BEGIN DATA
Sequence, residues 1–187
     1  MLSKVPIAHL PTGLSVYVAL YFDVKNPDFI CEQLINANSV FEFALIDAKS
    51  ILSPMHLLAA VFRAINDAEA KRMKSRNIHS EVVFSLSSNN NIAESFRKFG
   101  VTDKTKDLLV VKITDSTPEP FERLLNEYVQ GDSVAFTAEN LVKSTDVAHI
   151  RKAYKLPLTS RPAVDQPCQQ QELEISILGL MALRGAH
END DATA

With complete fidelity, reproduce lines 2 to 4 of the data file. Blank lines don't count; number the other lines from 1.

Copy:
     1  MLSKVPIAHL PTGLSVYVAL YFDVKNPDFI CEQLINANSV FEFALIDAKS
    51  ILSPMHLLAA VFRAINDAEA KRMKSRNIHS EVVFSLSSNN NIAESFRKFG
   101  VTDKTKDLLV VKITDSTPEP FERLLNEYVQ GDSVAFTAEN LVKSTDVAHI